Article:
Bernhard Moos School

Moos School

Moos School, 1910. Courtesy of Bill Latoza.

Bernhard Moos School
1711 N. California Avenue
Historical profile by Julia S. Bachrach

Located in a predominantly Hispanic neighborhood, Bernhard Moos School held an assembly in 2002, when historian Emily Rose came for a visit. Rose asked: “Do you know what an immigrant is?” (1) The students replied yes. She then asked whether they knew anything about their school’s name. In unison, they answered no. Ms. Rose, author of Portraits of Our Past: Jews of the German Countryside, explained that she is a distant relative of the school’s namesake, Bernhard Moos (1842–1895). She went on to inform the children that Moos was a German Jewish immigrant who arrived in Chicago in 1861 and opened a successful tobacco shop. He had a great love of reading, and “served as a volunteer librarian, overseeing a 300-book collection in the basement of the downtown building that also housed his popular cigar and snuff store.” (2) After Moos’s store was destroyed in the Great Chicago Fire of 1871, he not only rebuilt his own business, but he also became an influential civic leader who helped build Chicago’s first permanent public library. (Located at the corner of Randolph Street and Michigan Avenue, the building now houses the Chicago Cultural Center.)

Moos School

© 2013 James Iska

Moos did not live to see the full realization of his dream of a magnificent library in Chicago. He died two years before the building’s dedication in October of 1897. Fellow library board members wanted to make sure his contributions were remembered. Several months before the library’s completion they passed a resolution formally asking the Board of Education to name a school in Moos’s honor (3). The school board agreed and soon named the old Humboldt School at California and Wabansia avenues as Moos School.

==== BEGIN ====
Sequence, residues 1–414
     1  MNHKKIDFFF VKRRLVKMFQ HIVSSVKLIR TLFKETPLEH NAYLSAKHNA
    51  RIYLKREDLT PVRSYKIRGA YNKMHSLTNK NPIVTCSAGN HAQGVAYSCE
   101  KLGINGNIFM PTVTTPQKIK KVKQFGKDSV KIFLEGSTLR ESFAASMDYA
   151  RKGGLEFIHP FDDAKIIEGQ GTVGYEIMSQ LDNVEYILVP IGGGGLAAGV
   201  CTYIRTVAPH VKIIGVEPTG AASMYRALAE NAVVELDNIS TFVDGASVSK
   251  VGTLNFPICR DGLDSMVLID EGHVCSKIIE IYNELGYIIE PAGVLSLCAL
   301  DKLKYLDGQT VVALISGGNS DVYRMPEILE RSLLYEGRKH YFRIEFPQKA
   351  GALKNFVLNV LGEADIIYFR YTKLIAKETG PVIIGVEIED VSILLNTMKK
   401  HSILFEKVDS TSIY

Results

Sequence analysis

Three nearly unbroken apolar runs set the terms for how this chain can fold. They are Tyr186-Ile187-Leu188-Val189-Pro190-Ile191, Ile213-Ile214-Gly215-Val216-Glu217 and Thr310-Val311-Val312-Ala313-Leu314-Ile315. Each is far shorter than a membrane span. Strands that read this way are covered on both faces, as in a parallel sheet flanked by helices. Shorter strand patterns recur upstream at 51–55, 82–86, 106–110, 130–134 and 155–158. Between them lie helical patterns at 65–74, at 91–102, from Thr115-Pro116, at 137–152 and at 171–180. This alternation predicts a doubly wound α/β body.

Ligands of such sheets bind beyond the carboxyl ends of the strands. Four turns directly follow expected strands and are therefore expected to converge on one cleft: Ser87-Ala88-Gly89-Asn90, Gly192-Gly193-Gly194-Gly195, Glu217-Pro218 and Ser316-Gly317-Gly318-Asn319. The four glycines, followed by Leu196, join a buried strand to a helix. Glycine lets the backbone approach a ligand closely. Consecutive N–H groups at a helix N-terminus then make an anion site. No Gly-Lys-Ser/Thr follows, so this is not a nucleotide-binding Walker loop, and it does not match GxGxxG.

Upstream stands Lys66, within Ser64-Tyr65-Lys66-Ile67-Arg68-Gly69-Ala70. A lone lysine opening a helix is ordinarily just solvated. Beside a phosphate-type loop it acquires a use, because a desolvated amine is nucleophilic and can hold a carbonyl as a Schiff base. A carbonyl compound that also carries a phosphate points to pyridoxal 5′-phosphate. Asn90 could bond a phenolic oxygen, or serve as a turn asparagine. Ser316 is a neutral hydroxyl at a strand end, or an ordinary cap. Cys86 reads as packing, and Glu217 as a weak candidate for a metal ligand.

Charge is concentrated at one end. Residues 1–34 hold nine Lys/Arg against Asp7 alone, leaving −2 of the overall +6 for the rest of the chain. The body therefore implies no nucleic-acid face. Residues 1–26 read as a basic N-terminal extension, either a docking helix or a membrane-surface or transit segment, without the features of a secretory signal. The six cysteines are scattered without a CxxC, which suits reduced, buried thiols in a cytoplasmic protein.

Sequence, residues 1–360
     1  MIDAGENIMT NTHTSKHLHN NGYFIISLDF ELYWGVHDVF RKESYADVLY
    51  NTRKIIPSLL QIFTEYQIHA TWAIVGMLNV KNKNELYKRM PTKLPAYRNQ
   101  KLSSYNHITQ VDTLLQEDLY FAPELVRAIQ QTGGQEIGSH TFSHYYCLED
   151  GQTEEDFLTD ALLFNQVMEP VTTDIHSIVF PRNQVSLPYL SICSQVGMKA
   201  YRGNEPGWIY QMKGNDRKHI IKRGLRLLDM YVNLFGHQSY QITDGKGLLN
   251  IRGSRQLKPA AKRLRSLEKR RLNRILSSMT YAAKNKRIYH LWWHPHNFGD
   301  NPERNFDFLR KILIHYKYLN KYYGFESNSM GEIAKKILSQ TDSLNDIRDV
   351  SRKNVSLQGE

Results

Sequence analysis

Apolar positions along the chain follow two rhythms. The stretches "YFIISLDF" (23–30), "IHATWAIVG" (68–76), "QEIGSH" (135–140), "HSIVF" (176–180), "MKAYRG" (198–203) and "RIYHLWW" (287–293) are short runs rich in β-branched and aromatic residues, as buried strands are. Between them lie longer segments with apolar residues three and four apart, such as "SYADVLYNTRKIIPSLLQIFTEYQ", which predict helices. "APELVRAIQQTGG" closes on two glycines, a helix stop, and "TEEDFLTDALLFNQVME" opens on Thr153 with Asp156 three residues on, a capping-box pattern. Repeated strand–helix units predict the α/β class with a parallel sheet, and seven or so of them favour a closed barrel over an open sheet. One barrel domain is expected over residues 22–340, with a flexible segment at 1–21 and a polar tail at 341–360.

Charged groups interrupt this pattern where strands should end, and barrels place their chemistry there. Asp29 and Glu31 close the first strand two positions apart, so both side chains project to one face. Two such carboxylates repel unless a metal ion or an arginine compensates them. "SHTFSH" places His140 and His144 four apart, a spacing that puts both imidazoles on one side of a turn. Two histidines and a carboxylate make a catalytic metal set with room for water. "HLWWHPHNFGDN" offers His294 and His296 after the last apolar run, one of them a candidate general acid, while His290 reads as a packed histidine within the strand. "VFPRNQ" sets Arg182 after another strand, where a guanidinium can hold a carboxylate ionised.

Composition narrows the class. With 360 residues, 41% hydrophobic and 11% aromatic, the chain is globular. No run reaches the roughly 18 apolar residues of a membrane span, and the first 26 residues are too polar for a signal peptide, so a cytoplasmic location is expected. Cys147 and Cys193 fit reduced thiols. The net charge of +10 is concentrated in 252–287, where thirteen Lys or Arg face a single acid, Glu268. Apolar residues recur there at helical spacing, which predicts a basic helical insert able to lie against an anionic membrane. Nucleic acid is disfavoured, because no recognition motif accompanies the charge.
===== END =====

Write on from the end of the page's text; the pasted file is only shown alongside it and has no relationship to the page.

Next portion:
Moos School

© 2013 James Iska

In 1907, the original Moos School was demolished and replaced with a large new structure produced by head architect Dwight H. Perkins. Designed to house 26 classrooms with an assembly hall and gymnasium, the building looks like a stripped down version of a medieval castle. The AIA Guide to Chicago asserts that the building can be “…best described as castellated Chicago School, with crenellated parapets above the projecting stair towers.” (4)

Moos School

Moos School, ca. 1915 Courtesy of Bill Latoza.

Soon after the building’s construction, professional journals and periodicals touted its modern and innovative design. The Brickbuilder reported that spacious building, composed of “dark brown vitrified brick” and trimmed with terra cotta in a matching color, sat on expansive grounds, with enough space for several playgrounds as well as “carefully planned vegetable gardens.” (5) A lengthy Architectural Record article described Moos School along with other Perkins-designed schools built in the previous five years as representative of the architect’s “progressive spirit and independent thought.” (6)

Moos School

© 2013 James Iska

Chicago’s horrific Iroquois Theatre fire of 1903 had recently led to stringent new fire codes. Perkins carefully responded to the new standards by designing Moos School as a fully fireproof building with a solid and sturdy appearance. Architectural Record suggested that the “exterior walls are all buttressed for strength, not for ornament, and are made effective with the simple details employed in the offsets, and as combined with the wall coping, whose line is carried continuously around the entire building, producing a marked effect of unity.” (7) Extra wide stair halls, iron stairways, and extra exits were also provided for “escape in case of fire.” (8)